“Where do you wanna drop?” I asked.

“I don’t know. The Spot?” Goemon said.

“We always hit The Spot. What if we mix it up?”

“Sure, why not? We can’t do any worse than this streak.”

“Alright. Here!” I said and placed a marker on the map for Goemon to see.

“Atlantis, huh? Risky, but I guess it’s not Big City or Gun Range. I like it.”

Amidst the yammering of players and the engines’ wail, the cargo door of the plane opened up to let in some fresh air. Players began to leap out the back of the plane, most of them likely headed to Windy Harbor below. Sometimes dropping with the a huge group off the plane was good for a laugh. The problem was you usually end up with nothing but a crowbar to go along with some shotgun shells without the actual shotgun. Meanwhile, everyone else already has a fully-kitted M4 trained on your uncovered head and the round is over as soon as it began.

About a third of the plane had emptied out the back and the marker on the map approached fast. “Let’s do this!” I yelled upon leaping out the back of the plane. Rather than take in the sights, I angled my body like a bullet straight down in order to maximize freefall speed. It worked in old secret agent spy movies and it worked here too. When I got oriented enough I looked back up for Goemon, who was not there.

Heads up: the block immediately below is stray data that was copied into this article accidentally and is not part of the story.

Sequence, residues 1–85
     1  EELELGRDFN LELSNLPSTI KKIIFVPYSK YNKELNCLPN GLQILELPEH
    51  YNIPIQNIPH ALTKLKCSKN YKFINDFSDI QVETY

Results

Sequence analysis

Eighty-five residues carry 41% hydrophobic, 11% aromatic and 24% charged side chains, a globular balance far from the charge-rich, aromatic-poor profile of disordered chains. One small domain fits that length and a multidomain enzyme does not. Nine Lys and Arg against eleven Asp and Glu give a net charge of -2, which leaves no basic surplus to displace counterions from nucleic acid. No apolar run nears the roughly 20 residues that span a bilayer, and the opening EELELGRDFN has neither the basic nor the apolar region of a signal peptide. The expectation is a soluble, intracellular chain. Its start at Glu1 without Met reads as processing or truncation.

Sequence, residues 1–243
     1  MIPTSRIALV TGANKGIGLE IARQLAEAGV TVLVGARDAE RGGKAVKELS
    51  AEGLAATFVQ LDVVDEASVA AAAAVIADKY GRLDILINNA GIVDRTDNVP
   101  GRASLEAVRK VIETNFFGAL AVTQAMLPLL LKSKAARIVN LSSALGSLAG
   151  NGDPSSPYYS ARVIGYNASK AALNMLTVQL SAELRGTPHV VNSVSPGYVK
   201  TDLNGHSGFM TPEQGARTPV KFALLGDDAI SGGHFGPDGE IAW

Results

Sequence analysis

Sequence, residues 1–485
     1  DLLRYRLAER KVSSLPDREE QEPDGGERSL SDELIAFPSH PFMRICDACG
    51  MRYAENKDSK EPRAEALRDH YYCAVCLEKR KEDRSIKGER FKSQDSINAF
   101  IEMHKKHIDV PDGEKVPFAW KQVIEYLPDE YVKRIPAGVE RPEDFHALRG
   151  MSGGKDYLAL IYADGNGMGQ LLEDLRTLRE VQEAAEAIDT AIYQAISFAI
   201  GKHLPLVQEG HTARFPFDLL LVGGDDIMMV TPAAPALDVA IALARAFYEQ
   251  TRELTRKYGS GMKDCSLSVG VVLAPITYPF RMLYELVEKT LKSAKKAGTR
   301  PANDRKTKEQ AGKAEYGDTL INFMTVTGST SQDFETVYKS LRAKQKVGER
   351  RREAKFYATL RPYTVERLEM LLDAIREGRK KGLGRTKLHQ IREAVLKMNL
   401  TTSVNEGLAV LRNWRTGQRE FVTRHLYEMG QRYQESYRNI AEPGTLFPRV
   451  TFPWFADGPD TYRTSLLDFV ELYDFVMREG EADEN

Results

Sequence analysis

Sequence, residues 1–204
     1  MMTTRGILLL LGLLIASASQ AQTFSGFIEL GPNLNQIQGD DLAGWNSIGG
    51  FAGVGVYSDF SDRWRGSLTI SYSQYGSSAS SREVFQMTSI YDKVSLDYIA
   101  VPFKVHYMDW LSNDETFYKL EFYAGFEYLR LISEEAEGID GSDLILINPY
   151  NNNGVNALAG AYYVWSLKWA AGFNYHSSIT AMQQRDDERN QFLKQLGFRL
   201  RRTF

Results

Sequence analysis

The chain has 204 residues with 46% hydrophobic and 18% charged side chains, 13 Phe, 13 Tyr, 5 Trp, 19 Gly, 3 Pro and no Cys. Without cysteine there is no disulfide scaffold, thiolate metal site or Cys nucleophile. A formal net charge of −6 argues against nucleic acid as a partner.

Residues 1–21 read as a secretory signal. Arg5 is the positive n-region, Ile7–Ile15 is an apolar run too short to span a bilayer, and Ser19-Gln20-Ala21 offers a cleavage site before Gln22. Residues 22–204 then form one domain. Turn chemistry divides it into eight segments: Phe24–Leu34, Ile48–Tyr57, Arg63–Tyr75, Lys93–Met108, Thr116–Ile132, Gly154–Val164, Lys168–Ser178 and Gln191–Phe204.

“Where in the world are you going?” I screamed through the wind into the comlink.

“What? Oh, right,” Goemon said calmly. I could see nothing but his displayed name in the distance. I opened the map and saw my partner had missed the drop point. Not by much, just a measly few thousand feet.

“Great, guess I’m going to get there first,” I said while closing the map. Of course, that was wishful thinking. The parachutes of players who had dropped a few seconds sooner opened beneath me and filled the horizon. I would be the first of the duo to get there, sure, but I would be far from the first player to arrive at Atlantis.

To land in the middle of the city was suicide. First off, every building in the town had at least one window facing toward the center. This meant already equipped players just had to peek out of their respective houses for a free kill there first. Then there was the issue of a distinct lack of any serviceable weapons in the middle. To top it all off, the water ran deepest in the center, too. This caused a real issue with trying to actually move, and moving was a crucial part when it came to avoiding bullets.

My parachute deployed automatically once I fell close enough to ground level. With only a few seconds left before touching down, I tried to pinpoint where the closest threats would land. I counted six right off the bat, but had to stop when I realized where my landing trajectory was headed. The center of Atlantis, the big barrel of fish, sat right beneath. I banked left as fast as possible and smashed through the window of a building. It was not the most graceful landing, but it was better than ending up in that swamp.